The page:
Probably one of the nicest aspects of sewing arts is our tradition of sharing knowledge and expertise. As we absolutely love to spread quilt making, sewing, and crafting know-how, here’s a few lessons and insights picked up by your “quilting sisters” at See How We Sew:
Best piece of quilting advice you ever got?
Darra: It was a quote I saw in American Quilter magazine, probably in the late ’80s, in an article written by Joen Wolfrom. In it she said: “A finished quilt which has no imperfections, artistically or technically, is one that was created within the quilter’s comfort zone. No significant learning will take place when we stay in this safe place.”
I had never met Joen, but this quote struck an enormous chord with me. I copied it down and taped it on the wall of my sewing room. When I began to travel and teach, I carried the quote with me and read it at the beginning of almost every workshop.
In 1993, I found myself teaching at a quilting event in Northern Virginia. Joen was one of the other teachers. We connected almost immediately, and—over the past almost-20 (!) years—have become close personal, as well as professional, friends. To this day, I still continue to try something new—however small—with every quilt I make.
Jennifer: My bit of gathered advice is really a visual lesson I picked up back in the days when I did Publicity at C&T Publishing. I came across, to my mind, one of the most insanely compulsive quilting titles ever, Stripes in Quilts by Mary Mashuta. I was dumbfounded by the attention to striped detail she displayed: every striped block or strip was fussy cut to the nth degree for perfect matches. The resulting quilts were masterful, but I seriously doubted I would go down that road with my own quilts. Ah well, the years pass, experience grows, and a sense of craftsmanship blooms. All told, that book delivered a serious lesson in respecting a fabric’s print design–I think, I look, and I plan before I cut!
Laura: I often find myself in a stuck spot with either color and/or design. Years ago I remember my co-author Diana McClun telling me that if I was not pleased with my design it was often a matter of value. I always keep this thought in the back of my mind and try to include a variety of light, medium, and dark-colored fabrics. When I remember to listen to this advice, I am always happier with the results.
Pati: The best advice I ever got came in the form of a question while I was stressing over perfect center points on very small Lemoyne Stars. “When you are finished, and it is quilted and sitting on your lap, will you really care if it doesn’t have perfect points?” I go back to this each time I am worrying over something–quilting-related or not!
Favorite quilt book(s) for inspiration?
Darra: Any of the Quilt National books. Other favorites include Fabric Gardens: An International Exhibition of Quilts at Expo ’90 (catalog for a Japanese exhibit that traveled to The Dairy Barn in Athens, OH), Patchwork Pictures (the work of British fiber artist Edrica Huws), Landscape in Contemporary Quilts by Ineke Berlyn, and Quilts in Bloom (Blumen der Mainau; catalog for an exhibit in Germany).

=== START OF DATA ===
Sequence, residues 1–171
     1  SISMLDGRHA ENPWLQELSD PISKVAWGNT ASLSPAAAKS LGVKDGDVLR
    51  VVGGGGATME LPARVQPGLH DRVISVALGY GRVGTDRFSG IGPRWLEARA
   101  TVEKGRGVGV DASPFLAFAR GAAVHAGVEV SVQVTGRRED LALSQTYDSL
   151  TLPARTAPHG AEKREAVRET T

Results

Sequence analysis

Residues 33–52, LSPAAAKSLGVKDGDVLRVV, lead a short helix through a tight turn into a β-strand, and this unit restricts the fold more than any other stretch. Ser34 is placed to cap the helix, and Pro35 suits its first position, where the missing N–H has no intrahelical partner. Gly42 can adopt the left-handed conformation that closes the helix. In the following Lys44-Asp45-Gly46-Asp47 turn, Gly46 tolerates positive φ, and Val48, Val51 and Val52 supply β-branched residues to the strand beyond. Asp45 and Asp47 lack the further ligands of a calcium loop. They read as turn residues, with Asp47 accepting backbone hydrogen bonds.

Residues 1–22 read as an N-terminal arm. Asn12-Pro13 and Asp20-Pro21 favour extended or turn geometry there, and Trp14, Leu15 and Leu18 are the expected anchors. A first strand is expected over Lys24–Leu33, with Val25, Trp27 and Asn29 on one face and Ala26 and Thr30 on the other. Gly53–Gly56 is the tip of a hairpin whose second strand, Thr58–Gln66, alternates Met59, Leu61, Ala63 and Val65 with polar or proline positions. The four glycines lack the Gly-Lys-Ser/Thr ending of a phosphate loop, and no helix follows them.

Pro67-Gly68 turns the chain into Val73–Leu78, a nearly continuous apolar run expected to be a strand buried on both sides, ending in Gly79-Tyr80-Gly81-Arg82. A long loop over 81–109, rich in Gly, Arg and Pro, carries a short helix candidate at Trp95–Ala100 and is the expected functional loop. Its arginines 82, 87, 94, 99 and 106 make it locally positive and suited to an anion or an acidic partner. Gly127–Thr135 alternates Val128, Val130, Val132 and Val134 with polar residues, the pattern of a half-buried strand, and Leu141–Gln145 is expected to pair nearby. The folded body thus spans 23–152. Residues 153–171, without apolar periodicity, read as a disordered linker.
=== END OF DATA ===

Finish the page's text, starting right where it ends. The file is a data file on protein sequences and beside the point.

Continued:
Jennifer: Anything by Ruth McDowell—she’s a genius after all. Kaffe Fassett’s early hardback books with the photography by Steve Lovi are among my favorites for eye candy, I like the newer ones as well, but the original ones set the standard.
Laura: I often start with either Barbara Brackman’s Encyclopedia of Pieced Quilt Patterns or Jinny Beyer’s The Quilter’s Album of Patchwork Patterns. I enjoy tweeking and changing some of the traditional patterns to suit my needs.
Pati: The Ultimate Quilting Book by Maggi McCormick Gordon. I curl up on the couch on a regular basis with this book for historical inspiration. I also tend to go to Folk Art and Textile books for inspiration. One of my favorites is Ralli Quilts – Traditional Textiles from Pakistan and India by Patricia Ormsby Stoddard.
Book that most influenced you as a new quilter?
Darra: Pieces of the Past by Marsha McCloskey and Nancy Martin was a big one for me. I collected antique quilts before I became a quilter, and have been very inspired by them right from the start . . . especially scrap quilts. I was also very drawn to The Scrap Look by Jinny Beyer, Calico and Beyond by Roberta Horton, and Threads of Time by Nancy Martin. There have been tons of books written on scrap quilts since, but I still go back to these classics, over and over. From the first day I started teaching, Quilts! Quilts!! Quilts!!! has always been my #1 recommendation for new quilters.
Jennifer: An old McCall’s series (1980’s) on quilting—my starting point—and then Quilts! Quilts!! Quilts!!! of course. Imagine my surprise, the authors are now my friends!
Laura: Shortly after learning to quilt, I was fortunate enough to spend 5 days at a quilting seminar with Mary Ellen Hopkins. She taught out of her book It’s OK if You Sit on My Quilt. The book was chockfull of patterns and techniques. I wanted to make every one. The seminar and book inspired me to share my new found passion with others in the classroom.
Pati: Definitely, the first edition of Quilts! Quilts!! Quilts!!! by our own, Laura Nownes and Diana McClun. This was my first quilting book I had ever purchased. I referred to it so many times for myself or to teach others, that I wore it out!